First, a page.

In the northern hemisphere, December 21 marks the winter solstice; the shortest, darkest day of the year. From here the days become progressively longer as the sun inches northward, rising a little higher each day.
None of this would have been news to the ancient Egyptian architects of course. They designed Karnak Temple so that the rising solstice sun would pour directly through the main axis of the temple.
Pragmatically, the day also heralded the start of the plantation season. The solstice coincided with the waters of the Nile receding after the annual flooding.
It is thought that distinctive pylons (or ceremonial gateways) that front Egyptian temples formed a giant hieroglyph—the "akhet" symbol that represented the horizon. The akhet sign comprises of two mountain peaks with a sun-disc resting between them, and was a potent symbol of rebirth.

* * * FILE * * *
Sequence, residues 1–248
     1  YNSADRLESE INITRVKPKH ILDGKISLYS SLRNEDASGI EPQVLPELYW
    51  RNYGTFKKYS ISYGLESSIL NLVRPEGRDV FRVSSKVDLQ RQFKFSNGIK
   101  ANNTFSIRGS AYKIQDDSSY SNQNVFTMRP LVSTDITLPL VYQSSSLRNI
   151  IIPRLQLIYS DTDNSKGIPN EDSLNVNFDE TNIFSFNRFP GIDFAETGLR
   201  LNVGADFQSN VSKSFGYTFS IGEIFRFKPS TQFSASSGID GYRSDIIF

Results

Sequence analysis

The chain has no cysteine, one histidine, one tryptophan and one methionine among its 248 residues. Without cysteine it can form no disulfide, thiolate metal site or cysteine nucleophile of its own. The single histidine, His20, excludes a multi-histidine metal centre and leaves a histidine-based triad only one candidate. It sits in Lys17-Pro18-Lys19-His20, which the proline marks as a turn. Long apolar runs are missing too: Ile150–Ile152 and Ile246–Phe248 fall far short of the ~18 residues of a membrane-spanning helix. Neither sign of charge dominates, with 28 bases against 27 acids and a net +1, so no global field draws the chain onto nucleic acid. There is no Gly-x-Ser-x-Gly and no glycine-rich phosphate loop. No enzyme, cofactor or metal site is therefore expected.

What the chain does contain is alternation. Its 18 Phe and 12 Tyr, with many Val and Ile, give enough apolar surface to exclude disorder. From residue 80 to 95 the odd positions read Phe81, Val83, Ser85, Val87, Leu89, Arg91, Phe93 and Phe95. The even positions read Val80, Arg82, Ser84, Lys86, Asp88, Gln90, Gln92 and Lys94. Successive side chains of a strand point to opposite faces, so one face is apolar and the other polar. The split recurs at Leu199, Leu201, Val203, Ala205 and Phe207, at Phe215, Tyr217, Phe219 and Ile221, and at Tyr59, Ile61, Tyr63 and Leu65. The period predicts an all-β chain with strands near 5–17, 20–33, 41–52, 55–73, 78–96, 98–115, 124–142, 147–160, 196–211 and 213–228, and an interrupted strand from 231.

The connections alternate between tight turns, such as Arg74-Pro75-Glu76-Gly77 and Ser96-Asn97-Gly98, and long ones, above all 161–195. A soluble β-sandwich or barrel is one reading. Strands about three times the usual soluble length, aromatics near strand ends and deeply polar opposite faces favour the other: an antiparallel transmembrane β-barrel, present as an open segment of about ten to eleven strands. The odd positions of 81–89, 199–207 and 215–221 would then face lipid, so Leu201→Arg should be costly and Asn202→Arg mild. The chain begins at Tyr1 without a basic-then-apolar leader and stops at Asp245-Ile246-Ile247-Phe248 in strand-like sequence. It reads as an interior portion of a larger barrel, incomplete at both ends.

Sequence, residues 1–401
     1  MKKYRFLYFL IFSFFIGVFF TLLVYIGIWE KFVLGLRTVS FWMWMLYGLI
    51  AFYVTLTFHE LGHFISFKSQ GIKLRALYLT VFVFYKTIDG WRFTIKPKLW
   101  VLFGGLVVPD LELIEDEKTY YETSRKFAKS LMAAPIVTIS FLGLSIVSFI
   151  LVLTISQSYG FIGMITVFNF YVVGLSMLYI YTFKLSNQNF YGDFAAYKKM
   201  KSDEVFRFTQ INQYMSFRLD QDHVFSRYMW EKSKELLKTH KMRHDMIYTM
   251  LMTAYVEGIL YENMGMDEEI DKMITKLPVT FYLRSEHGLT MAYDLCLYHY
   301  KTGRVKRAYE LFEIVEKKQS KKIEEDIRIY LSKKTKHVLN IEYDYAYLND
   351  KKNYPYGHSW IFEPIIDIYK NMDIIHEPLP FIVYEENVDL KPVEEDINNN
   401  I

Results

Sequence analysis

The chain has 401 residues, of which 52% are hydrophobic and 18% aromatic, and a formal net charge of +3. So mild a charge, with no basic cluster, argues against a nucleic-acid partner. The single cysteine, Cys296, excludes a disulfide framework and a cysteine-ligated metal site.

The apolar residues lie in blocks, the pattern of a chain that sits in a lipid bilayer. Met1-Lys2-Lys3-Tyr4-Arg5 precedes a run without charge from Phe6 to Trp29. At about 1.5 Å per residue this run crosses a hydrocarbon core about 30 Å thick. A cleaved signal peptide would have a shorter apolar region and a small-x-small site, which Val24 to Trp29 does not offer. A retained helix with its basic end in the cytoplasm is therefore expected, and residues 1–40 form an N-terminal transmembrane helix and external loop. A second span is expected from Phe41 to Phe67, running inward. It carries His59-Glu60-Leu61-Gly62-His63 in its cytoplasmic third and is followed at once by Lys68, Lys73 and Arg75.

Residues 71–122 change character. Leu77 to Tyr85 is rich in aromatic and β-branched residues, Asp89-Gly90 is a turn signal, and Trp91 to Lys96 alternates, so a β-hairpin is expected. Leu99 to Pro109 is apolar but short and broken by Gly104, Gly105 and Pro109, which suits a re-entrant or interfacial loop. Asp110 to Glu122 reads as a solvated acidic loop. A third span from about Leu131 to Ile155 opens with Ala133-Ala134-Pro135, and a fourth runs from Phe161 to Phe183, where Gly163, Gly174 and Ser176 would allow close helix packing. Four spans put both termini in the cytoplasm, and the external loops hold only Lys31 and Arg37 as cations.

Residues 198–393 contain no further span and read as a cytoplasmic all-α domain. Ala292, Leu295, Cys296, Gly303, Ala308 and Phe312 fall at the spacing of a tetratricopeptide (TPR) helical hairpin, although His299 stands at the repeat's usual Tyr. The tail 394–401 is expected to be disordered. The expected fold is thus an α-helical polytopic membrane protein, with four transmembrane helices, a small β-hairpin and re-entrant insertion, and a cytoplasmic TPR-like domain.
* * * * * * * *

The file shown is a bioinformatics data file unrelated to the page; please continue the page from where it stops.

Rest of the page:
These photos come from the current issue of Nile Magazine. The solstice sunrise at Karnak Temple was taken by Marie E. Bryan, and the sun bursting forth above the eastern horizon is courtesy of Kelly A. Cummings.
Enjoy the full article in the current issue of Nile Magazine.